The north-east corner of The Square currently has two buildings: Barclay’s Bank at No. 2 and, to its east at No. 3, a spectacular gabled construction that extends round the corner into Bath Street.
In 1554, after the dissolution of the Abbey and the guilds, Roger Amyce made his survey of Abingdon for the Court of Augmentations. The plot, or most of it, was occupied by a tenement which had previously provided funds for an obit – memorial prayers – to be observed at St Helen’s Church. It was ‘jacens in angulo’ – lying in the corner between Ock Street and Boar Street (which is now Bath Street). Although St Helen’s still existed and, under Queen Mary, obits were again permitted, the Crown had kept possession of the property. It would pass to the new borough of Abingdon under the charter of 1556.
The plot was large and was extended towards the west during the rest of the sixteenth century. By 1600, there were three separate dwellings on it. For the next two centuries these were leased out by the Corporation, sometimes separately and sometimes together. About the middle of the eighteenth century, the one of them actually on the corner was separated from the other two to become an inn – the Unicorn which later became The Rising Sun.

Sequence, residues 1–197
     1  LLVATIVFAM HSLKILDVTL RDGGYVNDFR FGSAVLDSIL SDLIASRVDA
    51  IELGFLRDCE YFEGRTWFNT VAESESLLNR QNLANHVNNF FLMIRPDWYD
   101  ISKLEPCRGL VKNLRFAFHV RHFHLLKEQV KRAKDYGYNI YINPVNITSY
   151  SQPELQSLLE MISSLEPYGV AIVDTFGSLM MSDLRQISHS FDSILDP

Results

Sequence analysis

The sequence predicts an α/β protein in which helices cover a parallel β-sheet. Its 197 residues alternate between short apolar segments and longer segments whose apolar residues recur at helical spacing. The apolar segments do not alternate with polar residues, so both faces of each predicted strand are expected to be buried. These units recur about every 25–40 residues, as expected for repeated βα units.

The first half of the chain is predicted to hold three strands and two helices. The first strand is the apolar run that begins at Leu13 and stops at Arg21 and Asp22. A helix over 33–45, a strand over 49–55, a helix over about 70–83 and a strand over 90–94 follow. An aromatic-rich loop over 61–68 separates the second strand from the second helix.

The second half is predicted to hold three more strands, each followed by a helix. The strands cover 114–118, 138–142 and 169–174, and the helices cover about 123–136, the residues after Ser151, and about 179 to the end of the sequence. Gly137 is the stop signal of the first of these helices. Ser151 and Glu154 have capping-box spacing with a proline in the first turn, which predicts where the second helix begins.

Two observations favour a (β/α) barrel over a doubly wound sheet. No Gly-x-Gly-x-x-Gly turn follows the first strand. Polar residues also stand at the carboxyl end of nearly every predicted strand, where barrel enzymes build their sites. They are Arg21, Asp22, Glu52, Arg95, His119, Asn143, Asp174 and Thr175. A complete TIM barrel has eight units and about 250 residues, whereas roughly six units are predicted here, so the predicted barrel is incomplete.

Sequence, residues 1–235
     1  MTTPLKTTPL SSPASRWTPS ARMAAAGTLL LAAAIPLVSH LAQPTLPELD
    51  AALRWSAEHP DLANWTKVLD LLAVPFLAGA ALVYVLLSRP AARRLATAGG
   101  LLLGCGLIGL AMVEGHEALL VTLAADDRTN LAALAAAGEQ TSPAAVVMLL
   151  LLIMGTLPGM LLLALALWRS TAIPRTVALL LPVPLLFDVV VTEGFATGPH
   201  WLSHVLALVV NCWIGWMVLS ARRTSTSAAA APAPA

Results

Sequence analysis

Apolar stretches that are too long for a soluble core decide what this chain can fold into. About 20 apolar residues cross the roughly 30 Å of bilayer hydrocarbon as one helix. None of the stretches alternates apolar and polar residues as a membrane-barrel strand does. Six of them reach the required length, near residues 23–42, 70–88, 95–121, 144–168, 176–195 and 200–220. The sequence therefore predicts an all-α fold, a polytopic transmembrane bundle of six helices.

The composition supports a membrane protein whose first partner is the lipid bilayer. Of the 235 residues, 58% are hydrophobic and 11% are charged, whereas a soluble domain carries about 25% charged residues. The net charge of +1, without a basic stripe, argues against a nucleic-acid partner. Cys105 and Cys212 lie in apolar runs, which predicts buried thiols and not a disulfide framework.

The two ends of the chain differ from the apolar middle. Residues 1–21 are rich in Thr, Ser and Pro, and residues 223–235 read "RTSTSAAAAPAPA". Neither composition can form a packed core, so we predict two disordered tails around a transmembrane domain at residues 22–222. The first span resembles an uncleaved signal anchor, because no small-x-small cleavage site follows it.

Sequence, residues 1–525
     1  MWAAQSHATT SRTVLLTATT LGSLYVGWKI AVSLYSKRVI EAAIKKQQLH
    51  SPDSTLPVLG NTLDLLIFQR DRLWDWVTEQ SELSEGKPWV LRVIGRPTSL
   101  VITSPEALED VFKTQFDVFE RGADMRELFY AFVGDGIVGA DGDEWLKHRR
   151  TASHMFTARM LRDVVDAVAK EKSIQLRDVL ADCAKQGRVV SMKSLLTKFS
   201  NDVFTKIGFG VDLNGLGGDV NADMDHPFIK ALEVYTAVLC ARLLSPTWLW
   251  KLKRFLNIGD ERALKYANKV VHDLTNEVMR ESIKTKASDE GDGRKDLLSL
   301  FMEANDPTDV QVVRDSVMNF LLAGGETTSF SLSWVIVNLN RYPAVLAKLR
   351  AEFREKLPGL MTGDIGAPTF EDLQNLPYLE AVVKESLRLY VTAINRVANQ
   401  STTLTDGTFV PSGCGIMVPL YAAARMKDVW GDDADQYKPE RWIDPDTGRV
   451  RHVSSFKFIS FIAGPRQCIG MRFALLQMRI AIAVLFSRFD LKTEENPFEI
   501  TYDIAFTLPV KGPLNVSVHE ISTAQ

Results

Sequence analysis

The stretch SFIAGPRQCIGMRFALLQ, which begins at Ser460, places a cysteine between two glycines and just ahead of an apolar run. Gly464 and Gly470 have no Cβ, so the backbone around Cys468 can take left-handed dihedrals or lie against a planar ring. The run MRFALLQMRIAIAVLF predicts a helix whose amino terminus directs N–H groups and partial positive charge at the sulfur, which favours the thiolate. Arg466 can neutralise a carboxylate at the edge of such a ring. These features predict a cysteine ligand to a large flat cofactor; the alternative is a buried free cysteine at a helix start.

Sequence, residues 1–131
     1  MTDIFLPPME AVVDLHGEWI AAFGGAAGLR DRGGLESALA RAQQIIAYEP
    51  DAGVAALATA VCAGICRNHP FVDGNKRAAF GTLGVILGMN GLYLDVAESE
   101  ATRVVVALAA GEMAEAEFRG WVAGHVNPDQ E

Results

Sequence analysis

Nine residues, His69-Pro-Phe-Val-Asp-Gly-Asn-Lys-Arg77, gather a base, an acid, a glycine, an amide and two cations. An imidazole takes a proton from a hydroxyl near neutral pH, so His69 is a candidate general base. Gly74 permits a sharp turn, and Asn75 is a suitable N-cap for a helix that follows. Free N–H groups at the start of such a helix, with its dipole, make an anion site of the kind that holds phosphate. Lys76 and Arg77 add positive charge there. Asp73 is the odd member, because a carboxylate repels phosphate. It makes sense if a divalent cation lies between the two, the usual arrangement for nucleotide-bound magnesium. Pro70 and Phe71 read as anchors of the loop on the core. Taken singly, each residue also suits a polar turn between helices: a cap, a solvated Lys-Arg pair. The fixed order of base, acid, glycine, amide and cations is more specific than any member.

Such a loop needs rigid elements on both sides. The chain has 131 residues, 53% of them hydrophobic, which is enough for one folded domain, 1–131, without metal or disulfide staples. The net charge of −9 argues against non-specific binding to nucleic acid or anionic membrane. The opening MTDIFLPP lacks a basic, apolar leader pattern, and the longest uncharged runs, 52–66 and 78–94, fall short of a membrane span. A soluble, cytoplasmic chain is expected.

The other two were in the hands of the Knapp family, grocers, bankers and local politicians. At some time between 1800 and 1811 they rebuilt them. One of the results of the rebuilding was the present Barclays Bank with its entrance on the Sheep Market, as The Square was then known; the other, which must have been behind it and behind the inn, was accessed via alleyways from the Sheep Market and from Boar Street.
One of the buildings, most probably the future bank building, was for much of the nineteenth century a butchery business with a slaughterhouse behind it, the other a doctor’s surgery.
Gillett’s Bank, based in Banbury, was expanding in the 1870s and in or about 1878 opened a branch at No 2 The Square. The Rising Sun became a temperance (alcohol-free) hotel, but was demolished about 1900. There was an adjustment of plot boundaries so that the corner with Bath Street could be set back and rounded off, and additional space in Bath Street was added. The current corner building was designed by J.G.T. West, an eminent local architect of the time, and housed shops on the ground floor – as it still does. In 1919 Gillett’s became a part of Barclays Bank.
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